Michael Pollen wrote an article in October 12 issue of The New York Times. The lengthy article talks about the public health of our citizens, agriculture policy, energy policy, and health care policy. Pollen suggests that the new president cannot address any of the above without dealing with food. Pollen makes many statements about our food system in the United States. He says the modern diet is a “public health” catastrophe. The implication is that the WAY we produce our food is contributing to type 2 diabetes, stroke and heart disease. Pollen further states that “the problem is, we've learned that overabundant, too cheap food can be as much a problem as too little food.” Never mind the fact that the cheap food policy means you can walk into a fast-food outlet and buy a bacon double cheeseburger, french fries, soda for less than the minimum wage.

So the problem is lots of cheap food or too little food. Given the two choices, I think most of us would choose the overabundant too cheap food, rather than too little food. I wonder if Michael Pollen has ever been hungry? Really hungry?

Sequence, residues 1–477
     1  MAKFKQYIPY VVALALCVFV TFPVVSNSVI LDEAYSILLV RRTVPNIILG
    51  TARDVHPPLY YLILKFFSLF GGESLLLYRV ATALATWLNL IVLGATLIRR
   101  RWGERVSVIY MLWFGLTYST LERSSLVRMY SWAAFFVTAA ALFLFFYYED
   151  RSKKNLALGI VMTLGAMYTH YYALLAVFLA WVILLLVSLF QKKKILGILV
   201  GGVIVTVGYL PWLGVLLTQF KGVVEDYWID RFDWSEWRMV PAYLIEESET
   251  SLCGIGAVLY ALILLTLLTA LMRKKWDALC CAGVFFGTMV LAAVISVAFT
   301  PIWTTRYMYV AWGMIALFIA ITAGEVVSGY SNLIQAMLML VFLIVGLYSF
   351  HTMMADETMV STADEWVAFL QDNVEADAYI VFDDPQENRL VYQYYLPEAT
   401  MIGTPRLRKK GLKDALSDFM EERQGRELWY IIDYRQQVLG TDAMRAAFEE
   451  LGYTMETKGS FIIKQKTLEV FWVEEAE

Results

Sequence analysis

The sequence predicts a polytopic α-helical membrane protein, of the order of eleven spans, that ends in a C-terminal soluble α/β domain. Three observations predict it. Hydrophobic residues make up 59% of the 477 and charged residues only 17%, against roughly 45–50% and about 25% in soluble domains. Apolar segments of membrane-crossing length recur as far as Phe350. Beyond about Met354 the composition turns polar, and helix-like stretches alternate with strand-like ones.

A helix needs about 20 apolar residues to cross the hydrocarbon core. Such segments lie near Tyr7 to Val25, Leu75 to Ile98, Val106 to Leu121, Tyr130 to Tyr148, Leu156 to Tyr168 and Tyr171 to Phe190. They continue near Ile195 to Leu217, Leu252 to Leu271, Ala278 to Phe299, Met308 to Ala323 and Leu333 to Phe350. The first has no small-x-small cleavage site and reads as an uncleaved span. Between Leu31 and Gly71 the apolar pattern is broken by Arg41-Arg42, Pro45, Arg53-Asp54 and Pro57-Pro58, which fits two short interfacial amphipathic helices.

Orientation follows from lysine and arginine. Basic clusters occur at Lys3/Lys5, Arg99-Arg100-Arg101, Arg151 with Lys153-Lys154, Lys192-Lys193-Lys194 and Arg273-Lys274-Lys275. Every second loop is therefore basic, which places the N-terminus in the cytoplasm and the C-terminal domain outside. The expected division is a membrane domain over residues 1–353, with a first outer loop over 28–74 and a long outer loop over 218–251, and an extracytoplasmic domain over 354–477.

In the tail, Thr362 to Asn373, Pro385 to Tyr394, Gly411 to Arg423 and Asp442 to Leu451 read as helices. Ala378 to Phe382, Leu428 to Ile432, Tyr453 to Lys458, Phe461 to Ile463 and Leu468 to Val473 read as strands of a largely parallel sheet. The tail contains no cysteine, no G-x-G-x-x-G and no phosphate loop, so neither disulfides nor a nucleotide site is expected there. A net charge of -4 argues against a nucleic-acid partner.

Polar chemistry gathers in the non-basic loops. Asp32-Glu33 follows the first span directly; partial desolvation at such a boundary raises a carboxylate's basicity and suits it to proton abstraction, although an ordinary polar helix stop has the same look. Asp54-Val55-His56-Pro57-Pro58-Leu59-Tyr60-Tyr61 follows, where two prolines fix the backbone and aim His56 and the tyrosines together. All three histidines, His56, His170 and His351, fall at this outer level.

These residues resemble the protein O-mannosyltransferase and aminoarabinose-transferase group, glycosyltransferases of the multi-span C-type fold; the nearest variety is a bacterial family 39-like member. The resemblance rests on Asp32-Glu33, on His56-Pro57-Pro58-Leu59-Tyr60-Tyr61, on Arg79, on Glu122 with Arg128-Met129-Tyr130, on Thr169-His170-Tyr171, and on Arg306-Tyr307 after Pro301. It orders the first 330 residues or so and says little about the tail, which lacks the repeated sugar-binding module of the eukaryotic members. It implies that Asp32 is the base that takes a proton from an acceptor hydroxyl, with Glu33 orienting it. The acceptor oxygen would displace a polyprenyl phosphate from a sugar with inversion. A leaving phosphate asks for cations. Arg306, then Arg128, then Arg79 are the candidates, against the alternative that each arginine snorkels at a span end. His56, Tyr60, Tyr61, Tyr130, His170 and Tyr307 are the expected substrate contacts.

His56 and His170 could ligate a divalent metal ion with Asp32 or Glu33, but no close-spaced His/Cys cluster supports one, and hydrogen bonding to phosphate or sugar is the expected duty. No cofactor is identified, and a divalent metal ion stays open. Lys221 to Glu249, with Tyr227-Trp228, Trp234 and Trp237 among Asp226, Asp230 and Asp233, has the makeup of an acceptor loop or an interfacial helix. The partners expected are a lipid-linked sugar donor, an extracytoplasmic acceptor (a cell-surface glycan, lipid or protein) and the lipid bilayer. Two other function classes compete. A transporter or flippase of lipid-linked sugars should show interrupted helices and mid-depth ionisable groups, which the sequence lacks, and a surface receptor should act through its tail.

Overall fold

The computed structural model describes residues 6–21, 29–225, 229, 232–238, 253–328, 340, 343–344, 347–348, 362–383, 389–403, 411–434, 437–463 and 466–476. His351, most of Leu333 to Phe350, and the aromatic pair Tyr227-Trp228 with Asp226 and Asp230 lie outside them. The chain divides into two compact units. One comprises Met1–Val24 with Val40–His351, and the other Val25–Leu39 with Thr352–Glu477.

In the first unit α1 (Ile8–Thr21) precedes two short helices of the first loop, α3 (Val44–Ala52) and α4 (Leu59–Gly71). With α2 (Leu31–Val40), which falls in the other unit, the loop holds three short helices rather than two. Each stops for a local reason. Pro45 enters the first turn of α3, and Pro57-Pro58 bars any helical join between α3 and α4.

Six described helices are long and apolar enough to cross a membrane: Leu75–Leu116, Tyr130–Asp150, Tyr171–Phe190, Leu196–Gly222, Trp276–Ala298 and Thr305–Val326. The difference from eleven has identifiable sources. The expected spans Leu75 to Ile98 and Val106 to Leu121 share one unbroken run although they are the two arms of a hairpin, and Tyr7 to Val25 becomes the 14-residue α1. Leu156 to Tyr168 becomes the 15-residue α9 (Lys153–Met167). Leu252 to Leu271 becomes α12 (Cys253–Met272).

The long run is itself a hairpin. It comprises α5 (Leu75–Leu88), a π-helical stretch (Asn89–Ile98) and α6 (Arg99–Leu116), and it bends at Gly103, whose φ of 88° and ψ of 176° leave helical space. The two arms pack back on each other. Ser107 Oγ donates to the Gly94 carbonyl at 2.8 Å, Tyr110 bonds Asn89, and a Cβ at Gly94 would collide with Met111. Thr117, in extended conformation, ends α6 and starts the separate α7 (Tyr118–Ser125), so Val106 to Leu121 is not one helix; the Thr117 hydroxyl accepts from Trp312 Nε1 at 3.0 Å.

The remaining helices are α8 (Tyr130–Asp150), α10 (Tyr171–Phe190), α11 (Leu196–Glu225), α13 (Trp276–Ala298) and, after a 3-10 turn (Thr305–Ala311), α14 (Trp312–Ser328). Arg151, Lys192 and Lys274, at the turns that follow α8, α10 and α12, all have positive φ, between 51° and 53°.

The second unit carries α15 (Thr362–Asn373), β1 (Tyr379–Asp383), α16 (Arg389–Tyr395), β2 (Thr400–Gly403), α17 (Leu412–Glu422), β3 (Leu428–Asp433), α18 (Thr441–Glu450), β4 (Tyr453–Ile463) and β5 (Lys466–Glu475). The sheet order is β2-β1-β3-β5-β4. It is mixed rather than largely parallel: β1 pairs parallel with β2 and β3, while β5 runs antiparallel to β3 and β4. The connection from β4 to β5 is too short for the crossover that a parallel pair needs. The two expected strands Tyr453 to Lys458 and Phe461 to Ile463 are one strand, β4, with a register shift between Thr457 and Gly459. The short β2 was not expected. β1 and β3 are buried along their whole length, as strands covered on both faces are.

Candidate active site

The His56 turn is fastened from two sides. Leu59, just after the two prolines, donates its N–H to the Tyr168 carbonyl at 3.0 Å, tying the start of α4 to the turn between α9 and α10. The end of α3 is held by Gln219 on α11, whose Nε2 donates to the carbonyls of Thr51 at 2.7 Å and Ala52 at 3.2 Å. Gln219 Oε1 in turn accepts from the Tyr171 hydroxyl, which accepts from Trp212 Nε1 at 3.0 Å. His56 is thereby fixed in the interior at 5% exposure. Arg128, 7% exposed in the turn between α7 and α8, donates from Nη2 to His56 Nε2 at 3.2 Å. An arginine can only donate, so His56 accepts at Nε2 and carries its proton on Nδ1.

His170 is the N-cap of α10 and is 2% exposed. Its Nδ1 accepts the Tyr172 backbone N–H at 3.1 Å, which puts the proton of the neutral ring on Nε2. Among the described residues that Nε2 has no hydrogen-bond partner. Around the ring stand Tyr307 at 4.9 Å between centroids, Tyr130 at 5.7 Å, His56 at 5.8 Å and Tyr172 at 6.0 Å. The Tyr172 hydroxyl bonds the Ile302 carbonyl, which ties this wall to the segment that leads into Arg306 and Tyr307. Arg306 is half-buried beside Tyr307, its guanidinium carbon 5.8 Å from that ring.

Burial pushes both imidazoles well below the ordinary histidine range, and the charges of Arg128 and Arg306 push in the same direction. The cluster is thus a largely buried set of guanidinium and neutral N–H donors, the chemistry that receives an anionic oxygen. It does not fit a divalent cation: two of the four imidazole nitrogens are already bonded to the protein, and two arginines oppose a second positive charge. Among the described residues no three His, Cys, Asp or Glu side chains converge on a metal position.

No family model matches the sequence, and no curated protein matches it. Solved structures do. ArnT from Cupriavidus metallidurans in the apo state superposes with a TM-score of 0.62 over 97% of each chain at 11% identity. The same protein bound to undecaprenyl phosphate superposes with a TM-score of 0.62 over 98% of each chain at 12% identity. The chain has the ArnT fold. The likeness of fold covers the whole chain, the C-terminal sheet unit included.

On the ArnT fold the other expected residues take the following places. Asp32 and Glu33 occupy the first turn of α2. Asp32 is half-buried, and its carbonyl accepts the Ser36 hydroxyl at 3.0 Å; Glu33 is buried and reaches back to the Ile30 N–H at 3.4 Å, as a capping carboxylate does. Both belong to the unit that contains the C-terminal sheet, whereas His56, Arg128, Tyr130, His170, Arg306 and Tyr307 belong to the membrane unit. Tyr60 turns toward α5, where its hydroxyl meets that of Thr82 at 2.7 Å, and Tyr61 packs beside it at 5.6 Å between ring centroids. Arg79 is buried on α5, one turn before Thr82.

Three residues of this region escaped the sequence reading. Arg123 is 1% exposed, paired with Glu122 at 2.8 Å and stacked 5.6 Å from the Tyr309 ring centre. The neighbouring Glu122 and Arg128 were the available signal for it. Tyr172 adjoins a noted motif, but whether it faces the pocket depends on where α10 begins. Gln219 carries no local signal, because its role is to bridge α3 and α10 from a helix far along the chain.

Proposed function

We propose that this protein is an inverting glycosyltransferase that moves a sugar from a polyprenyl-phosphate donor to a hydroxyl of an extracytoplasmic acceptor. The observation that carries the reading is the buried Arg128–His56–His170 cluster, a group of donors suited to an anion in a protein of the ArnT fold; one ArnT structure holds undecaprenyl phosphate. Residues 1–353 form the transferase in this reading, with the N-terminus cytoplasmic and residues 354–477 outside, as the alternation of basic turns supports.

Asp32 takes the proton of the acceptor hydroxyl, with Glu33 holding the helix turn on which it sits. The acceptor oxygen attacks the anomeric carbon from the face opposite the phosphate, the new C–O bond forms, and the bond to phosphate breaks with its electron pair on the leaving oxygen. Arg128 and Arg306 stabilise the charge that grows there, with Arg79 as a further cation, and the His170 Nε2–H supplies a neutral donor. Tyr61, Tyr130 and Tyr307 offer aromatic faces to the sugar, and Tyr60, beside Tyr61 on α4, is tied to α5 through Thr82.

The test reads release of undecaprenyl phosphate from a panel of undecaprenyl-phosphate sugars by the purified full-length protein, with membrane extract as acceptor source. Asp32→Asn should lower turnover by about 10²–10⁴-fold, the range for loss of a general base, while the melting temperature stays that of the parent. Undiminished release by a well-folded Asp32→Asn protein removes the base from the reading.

Pollen is highly critical of the school lunch program. He calls it a dumping ground for excess farm commodities. He suggests that we spend a dollar more per day on the lunch program and work on nutrition quality. He also suggests that every district be required to spend a certain percentage of their lunch fund dollars to buy local food within a 100-mile radius of the district. These ideas sound good, but in practice may not be very practical.

The school lunch folks have a tough row to hoe when it comes to providing nutritious fruits and vegetables that will be eaten by children contrasted with providing them and having the food left on the plate. Buying local may sound good, but even a district like St. Peter could buy corn from Seneca (local) with the corn traveling all over the Midwest before it gets to the school. Again would it be cost effective?